So we as a country are going to have a series of decisions that we’ve got to make not just over the next two years but over the next 10 years, over the next 20 years, about what our priorities are, what our values are. Now, we’ve been living beyond our means as a country for too long, and we’re going to have to make some tough decisions about getting rid of programs that don’t work, about revamping government. Some of that will be painful. There will be some occasions where Democratic constituencies aren’t happy with us because we’re having to rationalize government. But it’s necessary.
But we’ve got to make sure that in that process of living within our means and driving down the deficit and driving down the debt, that we continue to invest in the American Dream; that we continue to invest in our kids; that we make sure that every young person in America is going to get the best-quality education, are going to be going to college, are going to be able to get a good job at the end of it.
We’re going to have to make an investment to make sure that research and development, the cutting-edge technologies that drive our economy, continue to happen right here in Boston. You go over to MIT, you go over to Harvard, and they’ll be the first ones to tell you if we don’t have federal research grants, a lot of the work we do is not going to happen. And if it’s not happening there, then all those biotech firms, all those medical advances aren’t going to be taking place here, or along Route 128.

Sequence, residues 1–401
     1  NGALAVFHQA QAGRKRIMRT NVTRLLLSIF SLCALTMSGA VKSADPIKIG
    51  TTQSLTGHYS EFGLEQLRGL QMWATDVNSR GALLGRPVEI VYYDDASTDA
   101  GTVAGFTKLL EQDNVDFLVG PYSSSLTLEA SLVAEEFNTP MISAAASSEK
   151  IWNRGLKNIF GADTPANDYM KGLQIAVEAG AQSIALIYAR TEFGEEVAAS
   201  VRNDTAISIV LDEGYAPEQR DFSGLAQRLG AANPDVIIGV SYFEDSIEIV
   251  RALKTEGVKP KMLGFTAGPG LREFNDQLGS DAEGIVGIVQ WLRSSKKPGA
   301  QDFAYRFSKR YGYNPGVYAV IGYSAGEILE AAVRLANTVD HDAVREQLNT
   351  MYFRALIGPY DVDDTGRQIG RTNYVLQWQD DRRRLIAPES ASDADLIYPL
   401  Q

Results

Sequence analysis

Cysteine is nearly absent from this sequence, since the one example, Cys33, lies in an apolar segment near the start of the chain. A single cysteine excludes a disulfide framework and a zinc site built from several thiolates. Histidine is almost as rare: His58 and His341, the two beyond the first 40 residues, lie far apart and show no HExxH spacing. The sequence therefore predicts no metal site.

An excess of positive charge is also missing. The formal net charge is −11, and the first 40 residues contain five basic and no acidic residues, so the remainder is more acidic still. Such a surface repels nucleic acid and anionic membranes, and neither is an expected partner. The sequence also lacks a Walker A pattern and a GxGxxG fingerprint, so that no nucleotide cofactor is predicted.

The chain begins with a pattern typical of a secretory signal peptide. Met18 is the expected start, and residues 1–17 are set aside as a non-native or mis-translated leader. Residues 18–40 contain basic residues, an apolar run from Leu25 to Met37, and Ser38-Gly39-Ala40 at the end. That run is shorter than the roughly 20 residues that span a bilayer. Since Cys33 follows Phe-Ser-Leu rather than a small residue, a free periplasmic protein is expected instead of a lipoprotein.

We’re going to have to invest in infrastructure. I’ve been preaching this, and I know that I’m preaching to the choir when I talk to the mayor. We used to have the best stuff — best airports, best roads, best bridges, best ports. We don’t anymore. Anybody who’s gone through Beijing airport or ridden on a train in Europe, you know that we don’t have the best infrastructure. We’re way behind countries like South Korea in broadband and wireless. That’s not a recipe for the future.
And so part of our argument, part of why it is so important for Nancy and Ed and Steve to have you as allies over the next several years — this is not a matter of power, it’s not a matter of who’s up and who’s down in Washington. This has to do with whether the decisions we make now ensure the American Dream is strong and vibrant for the next generation and the generation after that. That’s what’s at stake.